A Short History of Pilates

What we today refer to as ‘Pilates’ was actually called ‘Contrology’ by its creator, Joseph Pilates and first developed as far back as the 1920’s.

Born in 1883 in Germany, Joseph Hubertus Pilates was a sickly child suffering from asthma and other ailments. Determined to overcome his health problems he turned to various forms of exercise in a quest to become strong and resilient.

His efforts were rewarded when he went to England in 1912 working as a boxer, a circus performer and even a self-defence instructor for Scotland Yard.
When the First World War broke out he was interned on the Isle of Man where he not only kept up his own exercise regime but also taught his fellow inmates.

During his internment helping out at the local hospital he realised that some of the bedridden patients would also benefit from strengthening exercises and so he adapted their hospital beds with springs enabling them to do a resistence work out. These beds formed the basis of what is now known as the Reformer, one of his iconic ‘Apparatus’ he later developed and which are still a feature in Pilates studios all over the world.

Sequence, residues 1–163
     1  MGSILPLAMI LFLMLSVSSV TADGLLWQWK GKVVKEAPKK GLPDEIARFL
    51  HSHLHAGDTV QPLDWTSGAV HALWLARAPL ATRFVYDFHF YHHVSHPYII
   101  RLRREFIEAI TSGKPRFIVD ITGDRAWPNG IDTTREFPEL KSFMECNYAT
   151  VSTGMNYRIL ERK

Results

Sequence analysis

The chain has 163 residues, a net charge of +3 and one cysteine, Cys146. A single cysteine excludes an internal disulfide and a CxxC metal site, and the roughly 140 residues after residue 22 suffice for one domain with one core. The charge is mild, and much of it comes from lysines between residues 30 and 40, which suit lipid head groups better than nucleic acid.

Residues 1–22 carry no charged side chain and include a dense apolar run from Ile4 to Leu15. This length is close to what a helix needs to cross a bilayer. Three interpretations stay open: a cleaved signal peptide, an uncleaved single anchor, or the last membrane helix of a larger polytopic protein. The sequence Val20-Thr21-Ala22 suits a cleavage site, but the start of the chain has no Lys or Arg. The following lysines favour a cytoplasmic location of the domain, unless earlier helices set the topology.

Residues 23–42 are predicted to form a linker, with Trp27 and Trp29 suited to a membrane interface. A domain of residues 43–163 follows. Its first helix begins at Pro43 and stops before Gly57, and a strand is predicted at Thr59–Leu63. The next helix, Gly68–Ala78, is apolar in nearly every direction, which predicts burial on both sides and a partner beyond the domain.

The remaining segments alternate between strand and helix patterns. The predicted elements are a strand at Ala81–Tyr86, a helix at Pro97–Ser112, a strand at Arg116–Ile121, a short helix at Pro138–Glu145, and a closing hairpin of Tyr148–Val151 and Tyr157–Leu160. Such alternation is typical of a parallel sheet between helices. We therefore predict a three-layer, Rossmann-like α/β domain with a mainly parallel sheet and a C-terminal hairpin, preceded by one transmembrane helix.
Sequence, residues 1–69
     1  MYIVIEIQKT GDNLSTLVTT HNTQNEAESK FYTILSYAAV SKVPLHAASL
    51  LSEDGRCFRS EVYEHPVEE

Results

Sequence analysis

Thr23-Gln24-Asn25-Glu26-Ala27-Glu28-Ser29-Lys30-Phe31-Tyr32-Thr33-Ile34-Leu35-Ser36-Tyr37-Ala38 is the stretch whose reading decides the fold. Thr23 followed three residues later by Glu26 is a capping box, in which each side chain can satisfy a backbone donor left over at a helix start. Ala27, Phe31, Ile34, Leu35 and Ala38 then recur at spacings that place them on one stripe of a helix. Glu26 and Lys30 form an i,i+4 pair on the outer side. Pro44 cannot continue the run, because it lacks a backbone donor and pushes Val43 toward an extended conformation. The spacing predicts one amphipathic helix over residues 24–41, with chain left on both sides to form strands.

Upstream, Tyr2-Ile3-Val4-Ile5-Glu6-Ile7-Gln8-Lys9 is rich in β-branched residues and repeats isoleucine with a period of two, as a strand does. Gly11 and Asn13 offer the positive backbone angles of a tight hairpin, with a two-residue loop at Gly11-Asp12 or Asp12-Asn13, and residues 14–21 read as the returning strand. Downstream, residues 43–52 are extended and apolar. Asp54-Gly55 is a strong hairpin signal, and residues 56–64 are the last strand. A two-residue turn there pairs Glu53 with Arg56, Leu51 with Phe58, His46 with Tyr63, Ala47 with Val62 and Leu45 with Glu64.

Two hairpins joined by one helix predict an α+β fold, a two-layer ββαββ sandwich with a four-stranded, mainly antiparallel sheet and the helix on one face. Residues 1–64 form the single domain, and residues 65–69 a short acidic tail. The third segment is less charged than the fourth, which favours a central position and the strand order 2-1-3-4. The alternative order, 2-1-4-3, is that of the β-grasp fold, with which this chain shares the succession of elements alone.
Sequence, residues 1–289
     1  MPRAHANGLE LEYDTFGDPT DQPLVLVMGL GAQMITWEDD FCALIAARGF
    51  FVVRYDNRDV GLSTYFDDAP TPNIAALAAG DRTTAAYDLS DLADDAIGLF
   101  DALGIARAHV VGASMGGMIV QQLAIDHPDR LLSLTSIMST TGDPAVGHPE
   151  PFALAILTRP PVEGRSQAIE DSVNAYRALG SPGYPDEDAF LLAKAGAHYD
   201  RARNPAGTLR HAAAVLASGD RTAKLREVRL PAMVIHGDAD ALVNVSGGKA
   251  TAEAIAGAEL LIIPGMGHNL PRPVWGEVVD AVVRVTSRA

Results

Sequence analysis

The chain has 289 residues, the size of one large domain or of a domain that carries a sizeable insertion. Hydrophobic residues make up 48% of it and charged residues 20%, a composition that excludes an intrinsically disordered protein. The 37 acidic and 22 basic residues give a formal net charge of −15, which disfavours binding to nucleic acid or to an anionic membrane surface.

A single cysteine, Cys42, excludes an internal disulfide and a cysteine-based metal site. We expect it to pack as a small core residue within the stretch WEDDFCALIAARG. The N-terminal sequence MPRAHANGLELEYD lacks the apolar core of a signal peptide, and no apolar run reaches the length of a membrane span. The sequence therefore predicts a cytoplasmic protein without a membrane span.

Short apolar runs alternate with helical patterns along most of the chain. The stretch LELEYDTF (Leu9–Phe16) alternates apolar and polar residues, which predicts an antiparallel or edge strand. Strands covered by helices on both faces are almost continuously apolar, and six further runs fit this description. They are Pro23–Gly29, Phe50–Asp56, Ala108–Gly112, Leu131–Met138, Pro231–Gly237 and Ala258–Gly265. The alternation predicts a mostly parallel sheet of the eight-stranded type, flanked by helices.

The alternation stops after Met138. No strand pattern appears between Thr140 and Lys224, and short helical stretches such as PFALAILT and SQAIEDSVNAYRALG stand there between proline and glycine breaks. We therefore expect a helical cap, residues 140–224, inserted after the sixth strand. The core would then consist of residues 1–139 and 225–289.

After the war he briefly returned to Germany but emigrated to the USA in 1926.
He met and married his wife Clara and together they opened a fitness studio in New York.

Thanks to its vicinity to the New York City Ballet many of studio’s clients were professional dancers who swore by ‘The Method’ which helped them not only improve their technique but recover from injury faster.

In 1945 Joseph Pilates wrote ‘Return to Live through Contrology’ in which he presents his guiding principles. The grainy black & white photographs show him doing his exercises at the age of 60 and one can only marvel at his physique. You will also find further interesting short films on youtube.

Joseph Pilates

Maybe due to their lack of fluency in English both Jo and Clara tended not to give many verbal instructions but instead used hands-on corrections, which are still an important feature in today’s classes.

Jo Pilates died in 1967 from the after effects of a fire in his studio. Over the years many of his former students went on to open their own studios. They are often referred to as the ‘Pilates Elders’ and ensured that his legacy lived on but is constantly evolving in line with current thinking of bio-mechanics and new scientific knowledge.

Although steadily increasing in popularity in the US, especially amongst Hollywood’s glamorous acting community, it was only in 1970 that the Pilates Method was brought to the UK by Alan Herdman who went on to found Britain’s first Pilates Studio called ‘The Place’ in London.

Since then Pilates has firmly moved into the mainstream resulting in a number of different styles of Pilates offering something for everyone.

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Copyright © 2016 Sonja Porter Pilates